Urban & Community Based Ag: Growing the Movement, Cultivating Policy Change2

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Urban & Community Based Ag: Growing the Movement, Cultivating Policy Change2

  1. 1. Urban Agriculture: Growing HealthySustainable Places (PAS 563)Urban & Community-Based Agriculture: Growing the Movement, Cultivating Policy Change CFSC Annual Conference/Oakland November 8, 2011 Martin Bailkey Growing Power, Inc.
  2. 2. Contents  What is urban agriculture?  History, definition, benefits, risks, prerequisites  Facilitating urban agriculture through planning practice  Visioning and goal setting, plan making, implementation mechanisms, site design and development, other public-sector programs and policies  11 case studies  Chicago, Cleveland, Detroit, Kansas City (KS/MO), Milwaukee, Minneapolis, New Orleans, Philadelphia, Seattle/King Co, Toronto, Vancouver  Lessons learned  Appendices  Plans, policies, zoning regulations, animal control ordinances, other municipal policies
  3. 3. Requirements for Urban Ag
  4. 4. Facilitating Urban Ag throughPlanning  Long-range community visioning and goal setting  Plan-making  Standards, policies, and incentives to achieve desired plan goals  Influencing development project outcomes  Influencing public investment decisions
  5. 5. Case Study Research  11 North American cities  Chicago, Cleveland, Detroit, Kansas City (KS/MO), Milwaukee, Minneapolis, New Orleans, Philadelphia, Seattle/King Co, Toronto, Vancouver  Urban agriculture practitioners and advocates, local government officials, planners  Local planning documents, ordinances, regulations, policies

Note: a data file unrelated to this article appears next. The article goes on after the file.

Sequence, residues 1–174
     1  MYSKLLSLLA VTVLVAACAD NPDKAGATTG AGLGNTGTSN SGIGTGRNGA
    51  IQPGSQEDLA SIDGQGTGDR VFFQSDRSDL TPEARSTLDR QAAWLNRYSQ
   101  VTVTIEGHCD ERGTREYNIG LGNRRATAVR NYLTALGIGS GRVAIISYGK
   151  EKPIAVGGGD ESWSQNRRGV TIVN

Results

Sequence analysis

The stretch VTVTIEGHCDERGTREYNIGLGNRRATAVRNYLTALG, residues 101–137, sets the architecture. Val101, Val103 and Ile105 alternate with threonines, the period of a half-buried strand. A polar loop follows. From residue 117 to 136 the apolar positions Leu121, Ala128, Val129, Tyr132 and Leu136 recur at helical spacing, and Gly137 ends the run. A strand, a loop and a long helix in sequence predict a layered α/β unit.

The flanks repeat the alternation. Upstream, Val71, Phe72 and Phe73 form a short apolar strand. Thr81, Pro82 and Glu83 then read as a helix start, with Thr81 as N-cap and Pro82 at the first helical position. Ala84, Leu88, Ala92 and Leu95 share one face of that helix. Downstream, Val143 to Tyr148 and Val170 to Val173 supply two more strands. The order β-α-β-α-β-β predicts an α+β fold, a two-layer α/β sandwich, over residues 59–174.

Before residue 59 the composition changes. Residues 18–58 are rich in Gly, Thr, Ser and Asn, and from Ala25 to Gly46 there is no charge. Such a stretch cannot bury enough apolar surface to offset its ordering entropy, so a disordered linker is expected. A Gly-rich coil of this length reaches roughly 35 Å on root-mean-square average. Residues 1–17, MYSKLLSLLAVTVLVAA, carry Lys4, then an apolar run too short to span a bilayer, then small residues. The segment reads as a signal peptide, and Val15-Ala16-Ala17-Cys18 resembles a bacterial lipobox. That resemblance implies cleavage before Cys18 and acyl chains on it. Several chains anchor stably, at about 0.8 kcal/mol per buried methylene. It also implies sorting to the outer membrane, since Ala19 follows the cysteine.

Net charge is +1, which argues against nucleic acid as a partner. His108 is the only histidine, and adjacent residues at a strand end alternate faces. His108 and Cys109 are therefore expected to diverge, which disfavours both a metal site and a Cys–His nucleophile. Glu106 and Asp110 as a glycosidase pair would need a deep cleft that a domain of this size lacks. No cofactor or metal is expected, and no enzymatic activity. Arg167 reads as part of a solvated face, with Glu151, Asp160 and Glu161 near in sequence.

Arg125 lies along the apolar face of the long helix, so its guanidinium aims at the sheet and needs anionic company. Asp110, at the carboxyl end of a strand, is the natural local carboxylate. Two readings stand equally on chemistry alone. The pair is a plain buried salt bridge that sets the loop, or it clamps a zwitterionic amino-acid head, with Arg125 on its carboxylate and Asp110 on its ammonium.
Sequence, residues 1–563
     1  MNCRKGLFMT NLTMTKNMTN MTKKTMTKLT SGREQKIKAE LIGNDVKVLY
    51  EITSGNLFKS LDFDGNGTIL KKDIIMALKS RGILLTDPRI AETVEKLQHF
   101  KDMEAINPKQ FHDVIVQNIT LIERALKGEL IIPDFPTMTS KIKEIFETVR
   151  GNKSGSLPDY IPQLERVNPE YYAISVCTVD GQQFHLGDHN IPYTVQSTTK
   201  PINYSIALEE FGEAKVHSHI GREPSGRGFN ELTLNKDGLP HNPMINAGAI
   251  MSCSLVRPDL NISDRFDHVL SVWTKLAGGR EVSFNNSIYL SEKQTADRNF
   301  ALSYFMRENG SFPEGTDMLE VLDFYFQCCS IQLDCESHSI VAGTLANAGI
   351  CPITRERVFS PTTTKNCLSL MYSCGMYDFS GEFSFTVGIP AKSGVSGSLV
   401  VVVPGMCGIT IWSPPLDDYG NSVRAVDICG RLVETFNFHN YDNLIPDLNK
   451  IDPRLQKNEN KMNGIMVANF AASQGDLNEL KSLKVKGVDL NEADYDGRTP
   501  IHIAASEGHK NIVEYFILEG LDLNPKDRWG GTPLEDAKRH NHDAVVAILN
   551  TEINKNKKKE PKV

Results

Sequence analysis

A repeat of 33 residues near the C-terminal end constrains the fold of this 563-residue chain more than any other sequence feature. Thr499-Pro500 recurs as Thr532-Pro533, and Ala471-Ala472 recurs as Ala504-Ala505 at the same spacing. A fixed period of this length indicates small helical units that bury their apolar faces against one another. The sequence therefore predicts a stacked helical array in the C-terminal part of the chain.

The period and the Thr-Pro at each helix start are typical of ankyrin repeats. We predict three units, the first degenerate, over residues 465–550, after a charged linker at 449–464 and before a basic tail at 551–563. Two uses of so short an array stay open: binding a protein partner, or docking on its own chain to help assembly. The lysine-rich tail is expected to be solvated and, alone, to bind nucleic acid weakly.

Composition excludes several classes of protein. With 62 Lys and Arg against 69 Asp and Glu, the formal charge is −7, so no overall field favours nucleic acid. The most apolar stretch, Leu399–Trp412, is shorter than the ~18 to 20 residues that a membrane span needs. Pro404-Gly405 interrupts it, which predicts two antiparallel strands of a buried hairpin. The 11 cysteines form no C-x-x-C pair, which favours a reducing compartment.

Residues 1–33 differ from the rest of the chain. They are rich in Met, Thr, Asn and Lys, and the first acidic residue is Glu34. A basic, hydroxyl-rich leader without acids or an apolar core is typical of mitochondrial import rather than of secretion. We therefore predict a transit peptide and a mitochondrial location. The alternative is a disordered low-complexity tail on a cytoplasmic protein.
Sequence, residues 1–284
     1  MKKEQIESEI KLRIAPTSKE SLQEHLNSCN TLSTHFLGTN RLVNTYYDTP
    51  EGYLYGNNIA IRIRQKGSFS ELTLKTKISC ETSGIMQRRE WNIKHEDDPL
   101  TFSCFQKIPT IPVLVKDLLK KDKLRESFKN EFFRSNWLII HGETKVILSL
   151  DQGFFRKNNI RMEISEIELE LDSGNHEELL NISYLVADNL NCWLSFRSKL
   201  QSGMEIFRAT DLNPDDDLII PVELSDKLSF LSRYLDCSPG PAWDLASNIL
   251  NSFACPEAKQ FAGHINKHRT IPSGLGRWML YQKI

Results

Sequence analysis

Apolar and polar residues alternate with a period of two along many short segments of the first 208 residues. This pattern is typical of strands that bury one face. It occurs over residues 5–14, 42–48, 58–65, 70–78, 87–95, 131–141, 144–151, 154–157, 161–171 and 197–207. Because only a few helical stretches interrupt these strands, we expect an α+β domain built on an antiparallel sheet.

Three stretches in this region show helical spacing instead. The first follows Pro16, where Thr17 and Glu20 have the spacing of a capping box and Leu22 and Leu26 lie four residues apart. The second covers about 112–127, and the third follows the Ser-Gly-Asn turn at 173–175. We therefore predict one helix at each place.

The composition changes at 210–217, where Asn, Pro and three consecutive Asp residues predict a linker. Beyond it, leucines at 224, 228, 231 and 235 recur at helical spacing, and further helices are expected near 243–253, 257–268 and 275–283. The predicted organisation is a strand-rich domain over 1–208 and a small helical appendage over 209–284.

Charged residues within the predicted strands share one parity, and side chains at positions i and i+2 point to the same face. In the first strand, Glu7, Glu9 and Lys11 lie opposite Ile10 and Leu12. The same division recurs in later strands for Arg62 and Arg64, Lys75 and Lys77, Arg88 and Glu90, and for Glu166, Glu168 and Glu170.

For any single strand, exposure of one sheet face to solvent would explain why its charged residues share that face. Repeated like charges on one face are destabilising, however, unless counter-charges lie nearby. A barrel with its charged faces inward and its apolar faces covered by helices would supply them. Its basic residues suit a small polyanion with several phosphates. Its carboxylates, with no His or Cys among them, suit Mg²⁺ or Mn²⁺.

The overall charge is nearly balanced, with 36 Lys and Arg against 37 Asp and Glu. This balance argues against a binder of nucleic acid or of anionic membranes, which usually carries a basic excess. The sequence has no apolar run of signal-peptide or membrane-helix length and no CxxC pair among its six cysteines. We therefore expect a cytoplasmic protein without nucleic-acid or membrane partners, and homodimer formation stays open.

6. 6. Case Study Topics  Background & history of the metropolitan region  Major urban agriculture stakeholders & actors  Extent of stakeholder collaboration  Local government and planning contexts  Food-related studies done in the jurisdiction  Local policies & programs having an impact on urban agriculture  Brownfield assessment & remediation for urban agriculture
  7. 7. City Approaches to Urban AgricultureDepend On  Political leadership and vision  Grassroots advocacy from urban agriculture community  Boundary spanning and bridging work from nonprofit sector

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